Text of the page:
Before I tell you about the best places to kiss in Rome, you’ve got to really want to kiss and be kissed.
This is not the place for pecks on the cheek. This is where you go for the gusto. “Gusto” by the way is Italian for pleasure and taste. You have to want to taste your lover’s lips if you are going to kiss in Rome. Otherwise, you do not deserve to kiss in Rome.
While I have not tested out all of the following locations, I am a romantic especially when it comes to a deep love for this ancient city. Walking around all day—looking for ideas to write about, watching others discover Rome’s many diversions—I observe people and I notice locations. I imagine I look at this place as a film scout would, only I’m thinking, “Here is a great place to kiss and be kissed.”
I’ve seen lists mentioning some of the best places to kiss and I’ve probably even written a few myself. Today, let’s talk about some of the typical suggestions as well as a few others mentioned in a recent list that inspired this post.
This is a grand ellipse surrounded by ochre-hued buildings, a huge church, and a few embassies with three Baroque fountains dotted along its spine. Most of the day, Navona teems with tourists and vendors and has a sort of ever-present chaos reminiscent of Times Square. I agree there is something cinematic about kissing amidst a crowd, letting the world fall away, and this can be accomplished in Navona if that’s your style. No one will care. But really I find the area more romantic in the early morning, before anyone has arrived, when you can pretend that this place is yours.
The Spanish Steps
See Piazza Navona. In the morning light, before selfie-stick vendors and fashion store gawkers start to fill in like the tide, these steps are like a stage where you and the love of your life (or the love of this trip) can feel like stars.
John Keats, who lived at the base of these steps, wrote:
“I almost wish we were butterflies and liv’d but three summer days—three such days with you I could fill with more delight than fifty common years could ever contain.”
A typical tourist stay in Rome is three days. Make ‘em count.
Campo de’ Fiori
In younger years, the Campo held a sort of mystique for me. But today I wouldn’t recommend it for romance. Here is where you buy your vegetables by day and get tipsy at night. I do love Campo de’ Fiori for its central location and local appeal. However, the best thing about this square is that dozens of tiny cobbled streets and alleys radiate from here.
Meander down Via del Pellegrino and let the noisy square fade out behind you; there are a few archways along the road that lead to adjacent streets. Take them. Get lost. Push off down yet another lane to find the Palazzo Mattei di Giove where the Centro Studi Americani is housed. Here, dozens of statues look down on you in a courtyard giving you all the feeling of being an exhibitionist without any of the guilt or negative feedback. This spot always feels like a secret hideaway even though its been here since the 16th century.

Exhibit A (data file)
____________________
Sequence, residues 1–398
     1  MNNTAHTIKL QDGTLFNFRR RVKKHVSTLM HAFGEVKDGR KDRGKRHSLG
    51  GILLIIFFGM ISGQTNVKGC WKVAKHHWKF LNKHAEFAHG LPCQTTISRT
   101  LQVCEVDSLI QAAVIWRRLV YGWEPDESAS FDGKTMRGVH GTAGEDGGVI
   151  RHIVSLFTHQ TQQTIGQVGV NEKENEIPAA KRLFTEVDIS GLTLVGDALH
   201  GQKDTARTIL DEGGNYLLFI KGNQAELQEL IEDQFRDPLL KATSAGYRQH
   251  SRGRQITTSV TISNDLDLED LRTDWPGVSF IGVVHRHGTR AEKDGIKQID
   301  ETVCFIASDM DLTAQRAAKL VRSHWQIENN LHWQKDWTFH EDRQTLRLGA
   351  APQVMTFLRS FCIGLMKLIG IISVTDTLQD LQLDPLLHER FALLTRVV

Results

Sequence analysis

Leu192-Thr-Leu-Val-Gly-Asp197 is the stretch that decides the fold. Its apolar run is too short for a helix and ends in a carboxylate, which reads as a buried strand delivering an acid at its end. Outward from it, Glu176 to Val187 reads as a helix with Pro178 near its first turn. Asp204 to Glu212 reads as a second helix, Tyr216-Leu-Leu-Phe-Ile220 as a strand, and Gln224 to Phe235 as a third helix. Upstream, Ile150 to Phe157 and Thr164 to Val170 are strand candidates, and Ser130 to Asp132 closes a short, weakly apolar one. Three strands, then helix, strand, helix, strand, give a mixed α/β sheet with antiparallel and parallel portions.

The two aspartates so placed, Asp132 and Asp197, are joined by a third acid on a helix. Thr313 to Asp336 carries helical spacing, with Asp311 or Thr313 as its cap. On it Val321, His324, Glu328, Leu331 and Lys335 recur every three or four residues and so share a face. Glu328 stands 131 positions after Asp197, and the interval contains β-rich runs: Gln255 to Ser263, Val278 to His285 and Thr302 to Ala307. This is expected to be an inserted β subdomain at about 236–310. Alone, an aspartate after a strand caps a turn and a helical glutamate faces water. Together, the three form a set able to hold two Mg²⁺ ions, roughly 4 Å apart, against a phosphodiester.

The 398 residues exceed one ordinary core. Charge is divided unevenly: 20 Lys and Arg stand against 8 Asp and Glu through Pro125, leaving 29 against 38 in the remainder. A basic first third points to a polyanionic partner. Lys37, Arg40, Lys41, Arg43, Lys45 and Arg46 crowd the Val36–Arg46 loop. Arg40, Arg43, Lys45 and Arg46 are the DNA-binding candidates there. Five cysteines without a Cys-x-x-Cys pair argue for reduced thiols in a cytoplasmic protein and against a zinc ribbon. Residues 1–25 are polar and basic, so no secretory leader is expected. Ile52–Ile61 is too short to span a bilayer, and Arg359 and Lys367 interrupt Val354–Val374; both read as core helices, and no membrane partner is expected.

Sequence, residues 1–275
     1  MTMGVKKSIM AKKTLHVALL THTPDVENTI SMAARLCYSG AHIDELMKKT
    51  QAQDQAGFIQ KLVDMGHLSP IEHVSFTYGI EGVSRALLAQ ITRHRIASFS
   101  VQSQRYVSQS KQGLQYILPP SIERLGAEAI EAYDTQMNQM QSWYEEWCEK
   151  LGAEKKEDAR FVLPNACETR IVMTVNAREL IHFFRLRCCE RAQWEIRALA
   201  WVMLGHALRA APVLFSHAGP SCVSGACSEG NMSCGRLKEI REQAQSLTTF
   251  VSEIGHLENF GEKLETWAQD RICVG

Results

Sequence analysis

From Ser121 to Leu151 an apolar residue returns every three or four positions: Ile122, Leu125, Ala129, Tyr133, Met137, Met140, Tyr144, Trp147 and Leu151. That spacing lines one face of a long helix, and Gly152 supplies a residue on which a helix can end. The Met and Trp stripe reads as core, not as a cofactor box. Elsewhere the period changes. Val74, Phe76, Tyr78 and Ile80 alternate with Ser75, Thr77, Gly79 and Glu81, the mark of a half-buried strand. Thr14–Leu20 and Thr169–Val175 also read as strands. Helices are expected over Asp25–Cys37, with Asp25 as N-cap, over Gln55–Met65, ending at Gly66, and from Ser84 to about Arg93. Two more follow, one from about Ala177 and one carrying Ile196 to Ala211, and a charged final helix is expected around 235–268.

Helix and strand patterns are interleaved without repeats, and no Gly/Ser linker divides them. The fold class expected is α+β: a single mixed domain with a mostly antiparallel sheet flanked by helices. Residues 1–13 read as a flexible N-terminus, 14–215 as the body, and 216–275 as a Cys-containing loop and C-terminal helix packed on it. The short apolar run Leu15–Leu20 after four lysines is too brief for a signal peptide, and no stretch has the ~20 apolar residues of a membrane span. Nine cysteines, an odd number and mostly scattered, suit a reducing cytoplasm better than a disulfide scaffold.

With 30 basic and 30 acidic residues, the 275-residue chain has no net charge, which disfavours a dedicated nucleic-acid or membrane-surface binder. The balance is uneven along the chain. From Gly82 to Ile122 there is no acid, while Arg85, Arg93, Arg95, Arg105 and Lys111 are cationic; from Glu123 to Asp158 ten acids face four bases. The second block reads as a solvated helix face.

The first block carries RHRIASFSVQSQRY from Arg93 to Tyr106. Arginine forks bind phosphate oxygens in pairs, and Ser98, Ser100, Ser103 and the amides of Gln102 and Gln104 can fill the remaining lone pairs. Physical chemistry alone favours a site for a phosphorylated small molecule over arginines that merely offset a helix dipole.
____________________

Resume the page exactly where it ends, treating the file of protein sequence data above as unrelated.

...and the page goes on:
Hell, yes. A long and wide Renaissance street set back from the river and somewhat away from the touristy parts of Rome will soothe your romantic soul. At one end, there’s an ivy-draped arch that makes you want to sing. If it doesn’t? Get out of town, buddy.
Hell, no. Get in and get out of Termini as fast as you can. This suggestion is only listed here as a response to the post that this one is riffing on.
Trains are indeed romantic, but only when you’re on them, in anticipation of your adventure. There is nothing romantic about Termini except for the giant Moleskine store. Buy a journal. Write your lover a poem on the front page and slip it into his or her luggage.
[Edit: Ok, the Mercato Centrale is also pretty cool but has yet to prove itself as romantic inspiration.]
Where Else to Kiss in Rome?
I could write many installments of this guide to Rome’s best kissing spots.
I haven’t even covered churches. Stealing a forbidden kiss in a dark chapel is romantic as, uh, hell.
There’s the Appia Antica park, where you can slip away into ruins almost unnoticed:
“Hey, what are you doing in there?”
“We’re just looking around!”
The Aventine and Gianicolo (Janiculum) Hills and the Pincio in the Villa Borghese, all have pretty views over the city. And, I’ve barely taken you over the Tiber to Trastevere or Prati or into the residential neighborhoods or parks where even more canoodling can and does happen.
I have more Rome kissing tips ranging from the obscure to the obvious. I’d love to tell you more. But right now I’ve got a date with my favorite city in the world. Time to do more scouting.
Know about a great kissing spot in Rome? Leave a comment below!
I originally wrote this post for Medium but now I’m stealing it back and adding to it when necessary.Last updated on May 17th, 2023
Post first published on 7 February 2017